Selections from the American poets
William Cullen Bryant


"Why mourn for the young? Better that the light cloud should fade away in the morning's breath, than travel through the weary day, to gather in darkness, and end in storm."

IF it be sad to mark the bow'd with age
Sink in the halls of the remorseless tomb,
Closing the changes of life's pilgrimage
In the still darkness of its mouldering gloom;
Oh! what a shadow o'er the heart is flung,
When peals the requiem of the loved and young!
They to whose bosoms, like the dawn of spring
To the unfolding bud and scented rose,
Comes the pure freshness age can never bring,
And fills the spirit with a rich repose,
How shall we lay them in their final rest?
How pile the clods upon their wasting breast?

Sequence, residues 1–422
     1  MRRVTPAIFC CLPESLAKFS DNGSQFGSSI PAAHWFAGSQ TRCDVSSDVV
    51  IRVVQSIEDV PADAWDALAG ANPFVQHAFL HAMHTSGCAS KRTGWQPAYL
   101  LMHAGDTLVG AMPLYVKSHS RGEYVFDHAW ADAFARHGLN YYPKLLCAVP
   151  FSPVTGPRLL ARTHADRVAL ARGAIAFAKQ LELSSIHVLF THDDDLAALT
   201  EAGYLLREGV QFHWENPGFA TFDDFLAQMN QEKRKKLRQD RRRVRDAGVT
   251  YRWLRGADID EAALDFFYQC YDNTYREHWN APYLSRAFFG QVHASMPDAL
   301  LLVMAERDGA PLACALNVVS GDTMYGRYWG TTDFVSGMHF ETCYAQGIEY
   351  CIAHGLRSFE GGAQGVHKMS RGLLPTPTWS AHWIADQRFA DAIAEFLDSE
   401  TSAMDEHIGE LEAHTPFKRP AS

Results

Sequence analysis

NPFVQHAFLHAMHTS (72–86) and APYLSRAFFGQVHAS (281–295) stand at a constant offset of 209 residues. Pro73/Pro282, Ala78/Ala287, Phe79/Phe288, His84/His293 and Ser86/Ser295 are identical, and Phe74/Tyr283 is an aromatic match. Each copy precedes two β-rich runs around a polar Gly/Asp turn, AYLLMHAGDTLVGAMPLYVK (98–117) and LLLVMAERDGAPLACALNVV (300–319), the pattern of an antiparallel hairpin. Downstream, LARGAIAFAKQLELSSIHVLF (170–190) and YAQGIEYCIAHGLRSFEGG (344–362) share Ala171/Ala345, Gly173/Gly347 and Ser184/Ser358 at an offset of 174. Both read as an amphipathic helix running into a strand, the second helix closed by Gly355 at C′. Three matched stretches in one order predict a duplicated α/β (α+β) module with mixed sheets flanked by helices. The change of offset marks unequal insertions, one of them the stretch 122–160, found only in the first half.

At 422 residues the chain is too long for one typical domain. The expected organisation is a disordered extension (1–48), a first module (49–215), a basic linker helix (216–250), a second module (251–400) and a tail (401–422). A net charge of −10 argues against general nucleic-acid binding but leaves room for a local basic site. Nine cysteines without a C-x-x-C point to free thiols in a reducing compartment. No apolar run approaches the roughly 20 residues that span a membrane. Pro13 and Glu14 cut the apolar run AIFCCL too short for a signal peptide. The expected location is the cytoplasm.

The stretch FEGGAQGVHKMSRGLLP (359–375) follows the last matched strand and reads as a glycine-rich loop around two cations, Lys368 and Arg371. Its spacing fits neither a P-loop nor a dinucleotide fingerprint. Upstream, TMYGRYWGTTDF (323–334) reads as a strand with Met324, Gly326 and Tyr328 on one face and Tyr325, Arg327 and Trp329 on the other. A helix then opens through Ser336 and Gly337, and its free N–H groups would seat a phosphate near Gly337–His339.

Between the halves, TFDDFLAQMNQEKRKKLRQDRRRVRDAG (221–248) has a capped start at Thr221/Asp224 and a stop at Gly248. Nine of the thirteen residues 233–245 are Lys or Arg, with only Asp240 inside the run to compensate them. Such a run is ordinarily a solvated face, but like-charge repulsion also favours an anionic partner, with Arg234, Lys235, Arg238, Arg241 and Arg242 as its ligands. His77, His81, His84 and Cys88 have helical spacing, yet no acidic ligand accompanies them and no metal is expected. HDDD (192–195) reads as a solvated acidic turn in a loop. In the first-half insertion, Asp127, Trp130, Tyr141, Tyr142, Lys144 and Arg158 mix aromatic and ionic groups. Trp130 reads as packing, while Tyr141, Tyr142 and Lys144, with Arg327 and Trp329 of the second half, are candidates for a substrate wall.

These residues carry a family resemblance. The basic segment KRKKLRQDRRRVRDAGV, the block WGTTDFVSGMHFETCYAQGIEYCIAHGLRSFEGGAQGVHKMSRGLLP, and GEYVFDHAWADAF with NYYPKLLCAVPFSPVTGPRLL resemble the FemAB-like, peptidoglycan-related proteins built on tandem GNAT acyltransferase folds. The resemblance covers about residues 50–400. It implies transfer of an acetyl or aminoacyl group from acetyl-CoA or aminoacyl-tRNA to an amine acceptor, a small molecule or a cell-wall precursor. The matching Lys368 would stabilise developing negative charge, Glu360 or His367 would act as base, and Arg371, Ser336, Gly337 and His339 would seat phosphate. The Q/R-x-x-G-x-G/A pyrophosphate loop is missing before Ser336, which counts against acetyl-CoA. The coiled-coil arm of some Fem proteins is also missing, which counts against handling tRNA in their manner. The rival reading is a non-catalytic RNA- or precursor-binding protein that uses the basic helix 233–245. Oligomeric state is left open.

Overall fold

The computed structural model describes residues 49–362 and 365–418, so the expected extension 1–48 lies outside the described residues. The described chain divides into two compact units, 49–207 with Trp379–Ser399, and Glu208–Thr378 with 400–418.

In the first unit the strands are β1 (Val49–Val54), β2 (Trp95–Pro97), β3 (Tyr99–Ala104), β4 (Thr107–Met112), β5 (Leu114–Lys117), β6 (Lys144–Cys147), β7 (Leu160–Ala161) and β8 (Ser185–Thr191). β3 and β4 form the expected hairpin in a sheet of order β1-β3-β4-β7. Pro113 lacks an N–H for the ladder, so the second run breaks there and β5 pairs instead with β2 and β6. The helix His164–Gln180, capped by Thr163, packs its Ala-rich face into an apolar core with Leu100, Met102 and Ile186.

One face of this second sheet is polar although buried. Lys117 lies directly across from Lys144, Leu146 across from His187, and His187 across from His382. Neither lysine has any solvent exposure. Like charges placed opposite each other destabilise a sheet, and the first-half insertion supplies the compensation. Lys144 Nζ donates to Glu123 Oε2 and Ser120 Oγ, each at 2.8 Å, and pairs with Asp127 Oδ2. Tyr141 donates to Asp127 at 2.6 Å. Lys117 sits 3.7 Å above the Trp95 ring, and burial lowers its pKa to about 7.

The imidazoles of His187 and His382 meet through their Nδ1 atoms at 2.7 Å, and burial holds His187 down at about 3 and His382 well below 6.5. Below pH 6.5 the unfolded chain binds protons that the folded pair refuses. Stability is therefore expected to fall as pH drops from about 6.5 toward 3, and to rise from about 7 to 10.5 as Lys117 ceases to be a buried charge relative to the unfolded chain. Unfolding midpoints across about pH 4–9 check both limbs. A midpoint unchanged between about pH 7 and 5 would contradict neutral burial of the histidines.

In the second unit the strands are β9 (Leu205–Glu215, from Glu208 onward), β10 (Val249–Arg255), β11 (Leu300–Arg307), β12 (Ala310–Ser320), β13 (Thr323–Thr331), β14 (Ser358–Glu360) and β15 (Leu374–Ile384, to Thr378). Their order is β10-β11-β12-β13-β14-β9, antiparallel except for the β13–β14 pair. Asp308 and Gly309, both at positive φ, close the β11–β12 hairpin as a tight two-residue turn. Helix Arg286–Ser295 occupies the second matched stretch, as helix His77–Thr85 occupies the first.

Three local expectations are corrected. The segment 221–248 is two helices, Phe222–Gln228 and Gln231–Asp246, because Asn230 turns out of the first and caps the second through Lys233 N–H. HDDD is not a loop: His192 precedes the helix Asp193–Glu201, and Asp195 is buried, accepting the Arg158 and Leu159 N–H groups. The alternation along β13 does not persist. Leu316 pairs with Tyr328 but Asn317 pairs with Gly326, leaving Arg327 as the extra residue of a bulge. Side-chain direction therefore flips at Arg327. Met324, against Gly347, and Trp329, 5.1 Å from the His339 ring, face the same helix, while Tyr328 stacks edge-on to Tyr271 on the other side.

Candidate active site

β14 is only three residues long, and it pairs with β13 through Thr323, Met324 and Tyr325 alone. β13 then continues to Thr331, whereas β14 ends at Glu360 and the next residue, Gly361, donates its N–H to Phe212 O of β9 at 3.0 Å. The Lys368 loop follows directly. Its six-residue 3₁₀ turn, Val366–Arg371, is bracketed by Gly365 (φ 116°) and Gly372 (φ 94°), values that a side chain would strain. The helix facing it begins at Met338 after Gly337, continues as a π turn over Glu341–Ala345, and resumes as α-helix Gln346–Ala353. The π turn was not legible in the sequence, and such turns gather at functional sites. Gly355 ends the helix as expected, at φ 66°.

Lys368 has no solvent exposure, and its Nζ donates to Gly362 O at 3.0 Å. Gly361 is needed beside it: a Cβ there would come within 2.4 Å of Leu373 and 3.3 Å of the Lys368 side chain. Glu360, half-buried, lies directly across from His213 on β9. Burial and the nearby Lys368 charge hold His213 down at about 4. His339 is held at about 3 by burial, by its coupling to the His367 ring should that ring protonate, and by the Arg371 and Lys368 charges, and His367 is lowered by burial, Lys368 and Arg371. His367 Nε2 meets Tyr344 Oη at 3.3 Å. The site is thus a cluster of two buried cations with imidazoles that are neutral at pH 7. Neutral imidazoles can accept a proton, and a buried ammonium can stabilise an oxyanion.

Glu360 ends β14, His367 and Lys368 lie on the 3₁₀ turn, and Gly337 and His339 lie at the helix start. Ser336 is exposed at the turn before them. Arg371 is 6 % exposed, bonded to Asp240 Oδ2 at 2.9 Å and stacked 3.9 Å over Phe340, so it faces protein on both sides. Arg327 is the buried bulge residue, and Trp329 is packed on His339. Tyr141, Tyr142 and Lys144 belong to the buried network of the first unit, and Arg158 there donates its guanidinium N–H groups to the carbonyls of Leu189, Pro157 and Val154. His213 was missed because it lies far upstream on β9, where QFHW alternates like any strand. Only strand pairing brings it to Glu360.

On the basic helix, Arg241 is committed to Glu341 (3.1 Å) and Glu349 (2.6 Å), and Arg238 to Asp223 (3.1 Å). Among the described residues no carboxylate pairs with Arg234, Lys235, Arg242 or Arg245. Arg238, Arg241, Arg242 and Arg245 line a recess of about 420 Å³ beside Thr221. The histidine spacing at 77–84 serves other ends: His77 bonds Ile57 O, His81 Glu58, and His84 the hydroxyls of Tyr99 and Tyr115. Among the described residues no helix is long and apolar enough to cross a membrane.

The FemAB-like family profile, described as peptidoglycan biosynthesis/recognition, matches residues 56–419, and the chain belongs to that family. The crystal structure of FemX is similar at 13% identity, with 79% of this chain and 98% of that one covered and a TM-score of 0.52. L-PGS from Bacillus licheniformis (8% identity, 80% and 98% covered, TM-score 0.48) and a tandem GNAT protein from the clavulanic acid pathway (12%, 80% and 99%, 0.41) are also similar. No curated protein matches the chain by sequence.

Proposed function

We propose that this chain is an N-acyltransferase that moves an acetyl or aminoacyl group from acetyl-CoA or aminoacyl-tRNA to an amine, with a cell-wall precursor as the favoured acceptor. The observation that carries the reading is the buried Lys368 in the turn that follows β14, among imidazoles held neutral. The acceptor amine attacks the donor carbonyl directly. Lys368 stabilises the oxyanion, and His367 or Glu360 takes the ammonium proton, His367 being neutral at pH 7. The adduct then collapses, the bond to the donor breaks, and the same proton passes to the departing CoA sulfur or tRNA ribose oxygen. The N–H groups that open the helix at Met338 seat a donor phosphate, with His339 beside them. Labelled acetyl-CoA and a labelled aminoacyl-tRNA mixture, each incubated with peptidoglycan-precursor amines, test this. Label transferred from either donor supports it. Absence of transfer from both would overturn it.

Life openeth brightly to their ardent gaze;
A glorious pomp sits on the gorgeous sky;
O'er the broad world Hope's smile incessant plays
And scenes of beauty win the enchanted eye:
How sad to break the vision, and to fold
Each lifeless form in earth's embracing mould!
Yet this is life! To mark from day to day,
Youth, in the freshness of its morning prime,
Pass, like the anthem of a breeze away,
Sinking in waves of Death ere chill'd by Time!
Page  297
Ere yet dark years on the warm cheek had shed
Autumnal mildew o'er its roselike red!
And yet what mourner, though the pensive eye
Be dimly thoughtful in its burning tears,
But should with rapture gaze upon the sky,
Through whose far depths the spirit's wing careers?
There gleams eternal o'er their ways are flung,
Who fade from earth while yet their years are young!